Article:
Monday, August 21, 2017

"Let's run away together. To Los Angeles! They'll understand there!"


We've had this pop up a couple times before in our podcast history: two adjacent episodes in WKRP's run that provide us with a more-or-less themed podcast episode around one of the characters in WKRP's ensemble. In early Season 2 it was "Baseball" and "Bad Risk," which allowed us to delve deeply into Les Nessman's psychology, and later in Season 2 we had "Herb's Dad" and "Put Up or Shut Up," which gave us a fantastic opportunity to talk about Herb's upbringing, male role models, and masculinity in crisis in WKRP-era America more generally. "Huggable Herb" has fast become one of my personal favorite episodes of the podcast.

This week, we get a pair of Andy Travis-centric episodes. We see a dark "path-not-taken" version of Andy in "The Consultant" and the trials and tribulations of Andy as a piece of, well, beefcake in "Love, Exciting And New."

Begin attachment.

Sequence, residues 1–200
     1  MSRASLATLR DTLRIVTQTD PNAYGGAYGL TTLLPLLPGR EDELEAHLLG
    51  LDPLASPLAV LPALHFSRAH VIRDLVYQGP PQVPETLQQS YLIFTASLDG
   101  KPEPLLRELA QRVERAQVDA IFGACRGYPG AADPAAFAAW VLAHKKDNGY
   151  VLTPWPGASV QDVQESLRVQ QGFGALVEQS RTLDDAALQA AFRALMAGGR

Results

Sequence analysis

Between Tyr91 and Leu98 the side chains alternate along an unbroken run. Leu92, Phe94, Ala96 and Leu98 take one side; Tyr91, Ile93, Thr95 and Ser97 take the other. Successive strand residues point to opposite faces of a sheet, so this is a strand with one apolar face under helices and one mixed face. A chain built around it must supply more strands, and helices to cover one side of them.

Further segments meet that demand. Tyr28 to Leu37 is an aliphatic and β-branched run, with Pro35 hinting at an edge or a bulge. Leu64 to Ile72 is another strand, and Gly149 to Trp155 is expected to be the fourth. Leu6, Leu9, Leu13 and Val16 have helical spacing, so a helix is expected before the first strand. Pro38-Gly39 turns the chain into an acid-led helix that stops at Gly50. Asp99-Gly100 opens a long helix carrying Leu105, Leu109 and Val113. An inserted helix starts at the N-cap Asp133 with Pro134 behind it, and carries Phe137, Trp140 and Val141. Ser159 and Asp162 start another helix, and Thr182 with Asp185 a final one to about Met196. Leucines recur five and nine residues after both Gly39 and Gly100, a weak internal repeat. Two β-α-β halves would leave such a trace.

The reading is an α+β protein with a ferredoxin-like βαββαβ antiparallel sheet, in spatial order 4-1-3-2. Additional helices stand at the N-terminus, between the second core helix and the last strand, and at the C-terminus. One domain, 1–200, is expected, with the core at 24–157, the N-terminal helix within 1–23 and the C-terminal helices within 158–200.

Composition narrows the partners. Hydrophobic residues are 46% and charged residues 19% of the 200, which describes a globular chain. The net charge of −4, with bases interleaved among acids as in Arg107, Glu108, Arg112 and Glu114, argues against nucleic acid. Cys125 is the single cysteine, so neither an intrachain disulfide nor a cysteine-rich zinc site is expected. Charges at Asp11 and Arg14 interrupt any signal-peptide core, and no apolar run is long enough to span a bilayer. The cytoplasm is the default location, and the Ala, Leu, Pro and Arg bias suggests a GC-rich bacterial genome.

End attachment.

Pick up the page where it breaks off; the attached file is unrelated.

We've said it again and again; we were super harsh on Gary Sandy in Season 1 of Hold My Order, and maybe unfairly so. By this point, we know a lot more about Andy as a character and Sandy has slipped into the role much more comfortably. And these two episodes might be him at his finest. There's a great scene in "The Consultant" where Andy meets with Norris Breeze, his old friend, now a radio consultant, where Andy has to essentially complete the process that "Baby, If You Ever Wondered" back in Season 2 started. He's no longer That Guy who comes in from out of town to upset the applecart; Andy by now is one of the inmates in the asylum that is WKRP, and he wants to help save his friends' jobs. And Andy comes up with an ingenious plan to save the station, which he takes great delight in springing on Mrs. Carlson.

And speaking of Andy and Lillian... wow. "Love, Exciting And New" takes the transgressive idea of Mama and Andy dating and does some incredible gymnastics around that sitcom-y plotline, the then-very relevant issue of workplace sexual harassment, and somehow still manages to make it funny, at least to the two of us in 2017. Once again, Put-upon Andy is Best Andy.

A couple of solid episodes of WKRP, some great early-'80s history and culture to talk about... all this and a double-shot of HIRSCH! Coming your way in a couple of days!

Friday, August 11, 2017

Show Notes for HMOTD 043: High Heels and a Whole Lot of Leather